Document Detail

Early sucking and swallowing problems as predictors of neurodevelopmental outcome in children with neonatal brain injury: a systematic review.
MedLine Citation:
PMID:  22607330     Owner:  NLM     Status:  MEDLINE    
AIM: Early sucking and swallowing problems may be potential markers of neonatal brain injury and assist in identifying those infants at increased risk of adverse outcomes, but the relation between early sucking and swallowing problems and neonatal brain injury has not been established. The aim of the review was, therefore, to investigate the relation between early measures of sucking and swallowing and neurodevelopmental outcomes in infants diagnosed with neonatal brain injury and in infants born very preterm (<32wks) with very low birthweight (<1500g), at risk of neonatal brain injury.
METHOD: We conducted a systematic review of English-language articles using CINAHL, EMBASE, and MEDLINE OVID (from 1980 to May 2011). Additional studies were identified through manual searches of key journals and the works of expert authors. Extraction of data informed an assessment of the level of evidence and risk of bias for each study using a predefined set of quality indicators.
RESULTS: A total of 394 abstracts were generated by the search but only nine studies met the inclusion criterion. Early sucking and swallowing problems were present in a consistent proportion of infants and were predictive of neurodevelopmental outcome in infancy in five of the six studies reviewed.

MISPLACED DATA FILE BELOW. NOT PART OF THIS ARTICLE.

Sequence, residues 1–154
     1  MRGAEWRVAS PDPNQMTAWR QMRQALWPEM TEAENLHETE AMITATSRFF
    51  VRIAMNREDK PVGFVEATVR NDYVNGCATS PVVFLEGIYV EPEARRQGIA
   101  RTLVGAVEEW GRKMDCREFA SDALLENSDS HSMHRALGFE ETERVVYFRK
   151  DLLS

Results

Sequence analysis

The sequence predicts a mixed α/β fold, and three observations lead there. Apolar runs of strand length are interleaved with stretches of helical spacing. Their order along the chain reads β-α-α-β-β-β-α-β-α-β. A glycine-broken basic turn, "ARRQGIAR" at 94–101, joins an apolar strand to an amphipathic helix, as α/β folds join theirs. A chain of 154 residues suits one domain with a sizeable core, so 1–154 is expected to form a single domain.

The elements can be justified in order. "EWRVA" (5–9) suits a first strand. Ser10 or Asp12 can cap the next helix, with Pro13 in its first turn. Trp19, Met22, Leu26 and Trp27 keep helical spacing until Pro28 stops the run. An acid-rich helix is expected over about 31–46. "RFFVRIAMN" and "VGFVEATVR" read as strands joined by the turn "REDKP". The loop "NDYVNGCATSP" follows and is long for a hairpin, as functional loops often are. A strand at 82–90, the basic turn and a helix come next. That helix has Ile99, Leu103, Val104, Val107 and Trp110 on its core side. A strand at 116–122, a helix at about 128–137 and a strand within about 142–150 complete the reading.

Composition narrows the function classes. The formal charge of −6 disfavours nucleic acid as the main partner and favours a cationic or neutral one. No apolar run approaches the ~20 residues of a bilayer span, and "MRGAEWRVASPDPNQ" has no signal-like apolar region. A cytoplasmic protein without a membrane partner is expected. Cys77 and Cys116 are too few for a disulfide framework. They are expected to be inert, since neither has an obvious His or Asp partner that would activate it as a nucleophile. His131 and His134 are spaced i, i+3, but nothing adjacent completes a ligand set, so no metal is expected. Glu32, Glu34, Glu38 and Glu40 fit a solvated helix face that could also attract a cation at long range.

LIMITATIONS: The methodological quality of studies was variable in terms of research design, level of evidence (National Health and Medical Research Council levels II, III, and IV), populations studied, assessments used and the nature and timing of neurodevelopmental follow-up.
CONCLUSIONS: Based upon the results of this review, there is currently insufficient evidence to clearly determine the relation between early sucking and swallowing problems and neonatal brain injury. Although early sucking and swallowing problems may be related to later neurodevelopmental outcomes, further research is required to delineate their value in predicting later motor outcomes and to establish reliable measures of early sucking and swallowing function.
Justine Slattery; Angela Morgan; Jacinta Douglas
Publication Detail:
Type:  Journal Article; Research Support, Non-U.S. Gov't; Review     Date:  2012-05-19
Journal Detail:
Title:  Developmental medicine and child neurology     Volume:  54     ISSN:  1469-8749     ISO Abbreviation:  Dev Med Child Neurol     Publication Date:  2012 Sep 
Date Detail:
Created Date:  2012-08-13     Completed Date:  2012-10-17     Revised Date:  2013-07-18    
Medline Journal Info:
Nlm Unique ID:  0006761     Medline TA:  Dev Med Child Neurol     Country:  England    
Other Details:
Languages:  eng     Pagination:  796-806     Citation Subset:  IM    
Copyright Information:
© The Authors. Developmental Medicine & Child Neurology © 2012 Mac Keith Press.
School of Human Communication Sciences, La Trobe University, Melbourne, Victoria, Australia.
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MeSH Terms
Asphyxia Neonatorum / diagnosis*,  physiopathology*
Brain Damage, Chronic / diagnosis*,  physiopathology*
Deglutition / physiology
Deglutition Disorders / diagnosis*,  physiopathology
Developmental Disabilities / diagnosis*,  physiopathology*
Infant, Extremely Low Birth Weight*
Infant, Low Birth Weight*
Infant, Newborn
Infant, Premature, Diseases / diagnosis*,  physiopathology*
Neurologic Examination
Risk Factors
Statistics as Topic
Sucking Behavior / physiology*
Comment In:
Dysphagia. 2013 Jun;28(2):271-7   [PMID:  23397473 ]

From MEDLINE®/PubMed®, a database of the U.S. National Library of Medicine

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